‘‘Today’s Navy is a culture that requires each member to conduct himself or herself in the highest ethical manner. Our commitment to be honest and truthful in our dealings with our peers, subordinates and superiors and with those outside the Navy often stand in hard contrast of a world where black and white is increasingly considered gray,” said Quick.

‘‘We abide by an uncompromising code of integrity and take responsibility for our actions and keeping our word. Each of us in the Navy uniform stands ready to fulfill or exceed our legal and ethical responsibilities in our public and personal lives 24⁄7⁄365,” said Quick.

Quick referenced the recent catastrophic earthquake that toppled Haiti, and the military response that followed. The Navy’s response to Haiti’s pleas for help ‘‘clearly demonstrated the need for an agile and adaptive Naval force, now and in the future,” said Quick.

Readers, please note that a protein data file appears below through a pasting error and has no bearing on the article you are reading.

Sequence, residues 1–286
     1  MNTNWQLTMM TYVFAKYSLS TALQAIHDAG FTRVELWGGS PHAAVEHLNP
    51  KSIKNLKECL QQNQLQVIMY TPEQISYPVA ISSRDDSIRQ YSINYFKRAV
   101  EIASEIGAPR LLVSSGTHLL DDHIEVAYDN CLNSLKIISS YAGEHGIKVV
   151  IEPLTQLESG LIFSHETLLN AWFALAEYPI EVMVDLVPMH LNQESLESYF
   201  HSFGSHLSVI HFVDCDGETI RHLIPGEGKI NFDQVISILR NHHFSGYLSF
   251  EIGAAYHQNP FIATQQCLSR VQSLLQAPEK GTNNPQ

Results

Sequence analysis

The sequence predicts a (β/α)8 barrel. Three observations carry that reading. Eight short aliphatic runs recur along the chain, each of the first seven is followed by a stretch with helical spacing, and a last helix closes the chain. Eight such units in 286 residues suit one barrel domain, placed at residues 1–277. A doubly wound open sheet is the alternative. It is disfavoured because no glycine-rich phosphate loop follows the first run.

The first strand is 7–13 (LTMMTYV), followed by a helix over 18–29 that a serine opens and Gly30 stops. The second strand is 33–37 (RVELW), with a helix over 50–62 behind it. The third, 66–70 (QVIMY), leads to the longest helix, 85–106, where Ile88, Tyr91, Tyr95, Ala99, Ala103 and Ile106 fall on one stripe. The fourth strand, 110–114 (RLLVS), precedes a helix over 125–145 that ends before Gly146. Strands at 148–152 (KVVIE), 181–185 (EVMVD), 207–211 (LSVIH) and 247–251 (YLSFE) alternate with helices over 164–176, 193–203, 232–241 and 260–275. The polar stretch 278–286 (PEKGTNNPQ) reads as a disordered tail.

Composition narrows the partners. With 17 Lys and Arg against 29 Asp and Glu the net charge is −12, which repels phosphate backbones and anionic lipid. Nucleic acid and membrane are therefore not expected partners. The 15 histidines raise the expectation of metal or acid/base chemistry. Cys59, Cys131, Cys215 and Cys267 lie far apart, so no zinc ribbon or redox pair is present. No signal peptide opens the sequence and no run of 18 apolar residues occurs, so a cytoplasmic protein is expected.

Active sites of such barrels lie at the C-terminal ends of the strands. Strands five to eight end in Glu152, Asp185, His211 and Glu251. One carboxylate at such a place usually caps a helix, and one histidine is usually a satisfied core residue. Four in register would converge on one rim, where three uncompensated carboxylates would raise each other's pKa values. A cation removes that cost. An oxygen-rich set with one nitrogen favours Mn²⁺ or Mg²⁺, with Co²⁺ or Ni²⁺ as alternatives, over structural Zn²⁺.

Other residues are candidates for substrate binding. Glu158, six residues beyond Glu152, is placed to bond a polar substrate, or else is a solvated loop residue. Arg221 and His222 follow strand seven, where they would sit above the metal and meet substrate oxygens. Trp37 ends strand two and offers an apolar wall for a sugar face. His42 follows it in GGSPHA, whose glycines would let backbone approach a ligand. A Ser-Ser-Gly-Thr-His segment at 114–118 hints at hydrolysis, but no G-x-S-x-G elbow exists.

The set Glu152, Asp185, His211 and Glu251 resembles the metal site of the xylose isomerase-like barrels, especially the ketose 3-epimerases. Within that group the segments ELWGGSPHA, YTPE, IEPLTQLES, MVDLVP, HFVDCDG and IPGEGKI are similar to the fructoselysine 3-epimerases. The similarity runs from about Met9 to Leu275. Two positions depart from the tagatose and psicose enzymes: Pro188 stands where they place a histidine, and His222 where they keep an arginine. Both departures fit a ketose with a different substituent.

‘‘I’m sure all of you remember the images of U.S. Navy Sailors and Marines delivering food and medicine, and the USS Comfort supplying much-needed medical care to desperate earthquake victims,” said Quick. ‘‘The ability of our Navy to respond to this unforeseen calamity and save countless thousands of lives was a perfect example of the imaginative and innovative approaches required for success,” said Quick.

‘‘I am proud to part of a service that shows respect toward all people without regard to race, religion or gender. For in our U.S. Navy, the day-to-day duty of every Navy man and woman is to work together as a team to improve the quality of our work, our people and ourselves,” said Quick.

Fred Duckworth, a retired U.S. Navy Commander, serves as Senior Naval Science Instructor for the group. ‘‘The ball is an opportunity for the cadets to commemorate their year in the unit and to recognize the history of the unit,” said Duckworth. ‘‘The cadets are a diverse group that share many of the same aspirations as their peers. Those that get the most benefit of the program see it as a way to help them develop self-discipline, confidence, and focus on their life goals.”